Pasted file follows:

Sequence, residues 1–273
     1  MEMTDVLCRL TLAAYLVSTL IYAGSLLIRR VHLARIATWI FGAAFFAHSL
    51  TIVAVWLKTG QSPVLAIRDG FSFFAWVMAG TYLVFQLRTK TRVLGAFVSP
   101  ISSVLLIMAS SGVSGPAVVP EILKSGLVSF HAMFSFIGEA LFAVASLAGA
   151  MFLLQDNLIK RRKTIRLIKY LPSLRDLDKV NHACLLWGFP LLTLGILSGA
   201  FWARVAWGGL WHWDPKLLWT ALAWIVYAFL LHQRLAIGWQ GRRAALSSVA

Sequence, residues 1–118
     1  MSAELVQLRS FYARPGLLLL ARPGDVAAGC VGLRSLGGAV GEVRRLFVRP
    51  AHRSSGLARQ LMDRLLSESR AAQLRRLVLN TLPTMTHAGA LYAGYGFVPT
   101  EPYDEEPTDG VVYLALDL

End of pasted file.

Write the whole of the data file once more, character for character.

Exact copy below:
Sequence, residues 1–273
     1  MEMTDVLCRL TLAAYLVSTL IYAGSLLIRR VHLARIATWI FGAAFFAHSL
    51  TIVAVWLKTG QSPVLAIRDG FSFFAWVMAG TYLVFQLRTK TRVLGAFVSP
   101  ISSVLLIMAS SGVSGPAVVP EILKSGLVSF HAMFSFIGEA LFAVASLAGA
   151  MFLLQDNLIK RRKTIRLIKY LPSLRDLDKV NHACLLWGFP LLTLGILSGA
   201  FWARVAWGGL WHWDPKLLWT ALAWIVYAFL LHQRLAIGWQ GRRAALSSVA

Sequence, residues 1–118
     1  MSAELVQLRS FYARPGLLLL ARPGDVAAGC VGLRSLGGAV GEVRRLFVRP
    51  AHRSSGLARQ LMDRLLSESR AAQLRRLVLN TLPTMTHAGA LYAGYGFVPT
   101  EPYDEEPTDG VVYLALDL